Who could have predicted this?

    Kentucky's team has believed in this journey, and they are halfway to the greatest season in the history of that program. Can they seal the deal? Stay tuned.

    2. LSU...The Pitching School?
    The Number: 338

    What's the first thing that comes to mind when you think of LSU baseball? I don't know about you, but I go straight to 1996. I think of Warren Morris' game-winning homer in the College World Series, and how that home run symbolized the Tigers as a national powerhouse. LSU will be always "Gorilla Ball" to me, where for an amazing stretch in the 1990s they decimated the SEC records books with their prodigious power.

    Names like Eddy Furniss, Brandon Larson and Brad Cresse are etched in my mind, powerful sluggers that hammered their way to National Championships. During that decade (1990-2000), an LSU player led the SEC in dingers six different times. To paraphrase an earlier "Numbers Game" column, LSU not only dug the long ball, but hit them more than anyone.

    That isn't LSU anymore.

    Not saying they don't hit, because Raph Rhymes will remind you that they do, but the program's philosophy has changed. Whether due to a change in bats, or the cycle of unbelievable arms currently wearing Tiger jerseys, LSU goes about it now in a different manner. Despite differences from the fabled champions you remember, they still do what they've always done.

    They win.

    But the majority of the power they flash today is from the mound. LSU has been the singular most dominant pitching team to this point of the season. That's why they are also leading the Western Division.

    The number 338 is the amount of strikeouts the Tiger staff has amassed, which is tops in the Southeastern Conference. It goes deeper than just punch outs, as Paul Maineri's squad has decimated some of the league's best offenses en route to a 30-7 record and 11-4 mark in the SEC.

    What's most impressive is how they've turned it up a notch in conference play. LSU's staff has 128 strikeouts in league action, number one in the SEC. Hold on, we are just getting started.

    The Tigers staff ERA in SEC-only games is 3.16, which you guessed it, is the best in the conference. In nine of their 15 league matchups, LSU has held their opponents to under three runs. They gave up just four runs total in a three-game series against Alabama this past weekend, and held powerful Arkansas to nine runs in their set earlier this year.

    A dominant staff is usually led by a dominant pitcher, and the Tigers definitely possess that in Kevin Gausman. Gausman, widely regarding as one of the top MLB draft prospects in the country, headlines an arsenal of arms that could become one of LSU's best pitching staffs in school history.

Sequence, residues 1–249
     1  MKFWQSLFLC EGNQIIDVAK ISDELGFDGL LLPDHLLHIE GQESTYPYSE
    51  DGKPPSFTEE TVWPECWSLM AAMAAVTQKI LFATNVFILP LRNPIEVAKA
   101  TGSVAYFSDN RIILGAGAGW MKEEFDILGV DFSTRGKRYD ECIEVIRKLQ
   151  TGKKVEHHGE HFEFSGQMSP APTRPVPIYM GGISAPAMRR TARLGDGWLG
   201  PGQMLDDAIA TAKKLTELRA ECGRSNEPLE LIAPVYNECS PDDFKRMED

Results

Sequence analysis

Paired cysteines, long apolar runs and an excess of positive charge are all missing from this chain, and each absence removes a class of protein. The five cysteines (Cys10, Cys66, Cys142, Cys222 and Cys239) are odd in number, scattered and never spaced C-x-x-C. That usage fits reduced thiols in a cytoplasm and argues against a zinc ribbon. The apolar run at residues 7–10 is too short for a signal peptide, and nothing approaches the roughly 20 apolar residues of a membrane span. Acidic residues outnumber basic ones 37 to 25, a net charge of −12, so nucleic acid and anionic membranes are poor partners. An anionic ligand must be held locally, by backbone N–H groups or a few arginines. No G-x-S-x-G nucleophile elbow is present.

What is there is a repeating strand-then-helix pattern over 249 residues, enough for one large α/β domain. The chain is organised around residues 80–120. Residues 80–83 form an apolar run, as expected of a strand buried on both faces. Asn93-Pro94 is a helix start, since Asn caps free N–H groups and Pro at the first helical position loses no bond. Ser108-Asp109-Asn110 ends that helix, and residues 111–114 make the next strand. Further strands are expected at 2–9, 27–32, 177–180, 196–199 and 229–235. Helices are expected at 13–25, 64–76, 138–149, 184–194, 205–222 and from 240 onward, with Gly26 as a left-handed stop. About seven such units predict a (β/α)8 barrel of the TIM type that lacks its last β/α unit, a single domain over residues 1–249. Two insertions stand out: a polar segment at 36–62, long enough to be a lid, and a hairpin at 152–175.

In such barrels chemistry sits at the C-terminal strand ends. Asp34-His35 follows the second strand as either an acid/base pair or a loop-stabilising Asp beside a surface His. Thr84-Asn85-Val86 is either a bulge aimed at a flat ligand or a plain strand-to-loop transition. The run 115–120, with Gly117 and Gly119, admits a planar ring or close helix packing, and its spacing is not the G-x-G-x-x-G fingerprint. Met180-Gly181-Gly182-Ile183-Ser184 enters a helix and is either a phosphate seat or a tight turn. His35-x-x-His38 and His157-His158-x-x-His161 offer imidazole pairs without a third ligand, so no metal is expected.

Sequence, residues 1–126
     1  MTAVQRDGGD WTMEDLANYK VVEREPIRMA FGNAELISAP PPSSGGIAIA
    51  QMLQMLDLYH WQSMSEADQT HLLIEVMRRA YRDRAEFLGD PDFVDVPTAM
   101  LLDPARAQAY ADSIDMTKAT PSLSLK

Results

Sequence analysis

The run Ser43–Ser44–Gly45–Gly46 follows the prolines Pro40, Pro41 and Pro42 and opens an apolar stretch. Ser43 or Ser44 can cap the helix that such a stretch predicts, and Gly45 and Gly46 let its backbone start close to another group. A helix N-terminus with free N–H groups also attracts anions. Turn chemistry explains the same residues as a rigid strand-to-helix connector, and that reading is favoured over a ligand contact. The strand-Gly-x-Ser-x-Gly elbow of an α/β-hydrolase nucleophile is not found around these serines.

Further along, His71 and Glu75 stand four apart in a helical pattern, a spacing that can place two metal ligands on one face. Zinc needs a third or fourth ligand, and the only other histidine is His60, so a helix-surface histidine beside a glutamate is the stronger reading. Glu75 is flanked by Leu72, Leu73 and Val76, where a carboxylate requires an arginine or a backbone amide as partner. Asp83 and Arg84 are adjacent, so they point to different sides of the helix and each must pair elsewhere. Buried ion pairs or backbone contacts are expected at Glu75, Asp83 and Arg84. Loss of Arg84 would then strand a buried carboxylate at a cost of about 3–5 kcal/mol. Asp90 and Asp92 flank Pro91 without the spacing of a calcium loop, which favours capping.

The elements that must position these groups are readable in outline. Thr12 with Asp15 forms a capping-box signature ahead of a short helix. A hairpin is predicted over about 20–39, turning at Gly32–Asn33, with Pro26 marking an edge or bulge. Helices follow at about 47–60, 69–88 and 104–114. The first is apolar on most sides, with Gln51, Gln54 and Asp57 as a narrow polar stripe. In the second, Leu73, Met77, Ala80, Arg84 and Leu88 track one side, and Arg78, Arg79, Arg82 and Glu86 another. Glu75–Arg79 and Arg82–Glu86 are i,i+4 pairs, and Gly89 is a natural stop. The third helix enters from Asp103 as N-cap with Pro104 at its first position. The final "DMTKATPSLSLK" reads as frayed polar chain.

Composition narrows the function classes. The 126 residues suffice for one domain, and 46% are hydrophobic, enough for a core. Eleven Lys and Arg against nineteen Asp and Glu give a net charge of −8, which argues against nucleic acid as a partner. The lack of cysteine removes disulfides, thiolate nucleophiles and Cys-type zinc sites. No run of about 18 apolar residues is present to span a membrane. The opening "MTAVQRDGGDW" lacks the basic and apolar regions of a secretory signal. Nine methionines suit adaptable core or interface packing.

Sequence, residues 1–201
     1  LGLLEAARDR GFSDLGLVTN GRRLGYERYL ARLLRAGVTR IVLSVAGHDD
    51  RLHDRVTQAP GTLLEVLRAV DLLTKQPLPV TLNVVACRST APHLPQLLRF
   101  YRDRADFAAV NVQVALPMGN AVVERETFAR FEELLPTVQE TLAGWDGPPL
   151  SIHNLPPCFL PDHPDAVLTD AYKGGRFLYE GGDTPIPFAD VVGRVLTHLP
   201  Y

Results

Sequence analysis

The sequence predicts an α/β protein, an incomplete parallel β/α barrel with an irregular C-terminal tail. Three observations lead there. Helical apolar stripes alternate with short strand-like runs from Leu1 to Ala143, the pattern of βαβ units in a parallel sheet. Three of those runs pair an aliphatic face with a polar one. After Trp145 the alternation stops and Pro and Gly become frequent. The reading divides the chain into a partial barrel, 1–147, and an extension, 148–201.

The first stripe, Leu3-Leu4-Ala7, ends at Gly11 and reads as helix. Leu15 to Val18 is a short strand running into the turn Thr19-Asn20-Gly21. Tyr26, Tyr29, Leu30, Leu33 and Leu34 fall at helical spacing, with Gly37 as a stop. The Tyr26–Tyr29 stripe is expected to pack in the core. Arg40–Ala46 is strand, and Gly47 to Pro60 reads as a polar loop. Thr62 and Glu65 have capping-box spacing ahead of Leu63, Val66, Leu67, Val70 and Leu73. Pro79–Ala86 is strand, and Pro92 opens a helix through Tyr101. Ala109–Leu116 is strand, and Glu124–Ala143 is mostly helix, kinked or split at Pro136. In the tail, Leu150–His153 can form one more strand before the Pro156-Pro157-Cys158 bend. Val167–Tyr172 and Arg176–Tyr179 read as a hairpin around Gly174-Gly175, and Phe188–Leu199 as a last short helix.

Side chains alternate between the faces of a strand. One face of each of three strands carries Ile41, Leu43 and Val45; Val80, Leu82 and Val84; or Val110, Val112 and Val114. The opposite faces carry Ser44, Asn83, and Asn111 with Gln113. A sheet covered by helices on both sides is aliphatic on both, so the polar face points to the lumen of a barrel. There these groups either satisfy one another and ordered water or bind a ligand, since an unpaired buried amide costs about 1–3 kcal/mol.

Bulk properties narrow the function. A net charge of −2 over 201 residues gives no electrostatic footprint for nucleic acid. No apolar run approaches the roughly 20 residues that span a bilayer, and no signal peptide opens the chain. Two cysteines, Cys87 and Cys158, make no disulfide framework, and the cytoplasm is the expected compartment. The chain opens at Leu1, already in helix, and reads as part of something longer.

Since 1996, only three Tiger staffs have had an ERA under 4.00 for the entire season. The lowest total was the 2002 group, who put together a 3.41 mark for the year. That number is in jeopardy in 2012. LSU currently sits under at 2.96, a full half run better than any Tiger pitching staff in the past 15 years.

    The old adage is that good pitching beats good hitting. LSU is banking on it.

    3. Are You Kidding Me?
    The Number: 3, 4, 27, 17

    How many times have you seen something that made you shake your head? Whether it is on the playing field or in your daily life, occurrences happen that often leave us baffled, not sure whether what we witnessed really happened or not.

    Baseball statistics can be the same way, as you look through a day's game and notice numbers that don’t make sense. That's what our third "number" is in today's column, a series of crazy happenings that have appeared so far during the 2012 season.

    "Sacrificing" For The Team -- Florida's Nolan Fontana (3 Sacrifice Bunts)

    You can never accuse Florida's Nolan Fontana of not being a team player. In a game this year against Bethune-Cookman (February 21), the junior shortstop showed his unselfishness in an unusual way. Fontana attempted a sacrifice bunt three different times in that game, the highest bunt total of anyone in an SEC game this season.

    "Just A Bit Outside" -- Auburn's Zack Blatt (4 Wild Pitches...In One Game)

    On February 25th, Auburn's Zack Blatt just couldn't find the plate against Arizona. The senior, in his best Nuke Laloosh impression (Bull Durham for you young folks), uncorked four wild pitches in four innings of relief. Four in four...kind of has a nice ring to it.

    "Not Again" -- Ole Miss Rebels (27 Double Plays)

    Nothing kills a rally faster than a double play. Unfortunately for Ole Miss this year, they seem to attract twin killings more than any other team in the SEC. The Rebels have grounded into 27 DPs, tops in the league. I'm guessing the phrase "6-4-3" isn't something that head coach Mike Bianco wants to hear anymore this year.

    "The Iron Shoulder" -- Kentucky's Zac Zellers (17 Hit By Pitches)

    We know Kentucky likes to get hits...and get hit themselves. No one embodies that "tough" game plan more than Zac Zellers, who has gotten hit by a pitch an SEC high 17 times this year. Kudos to the Wildcat training staff, as they've kept Zellers on the field for 32 out of 37 games this year. I'm sure he's gone through a few extra ice packs than the rest of his teammates.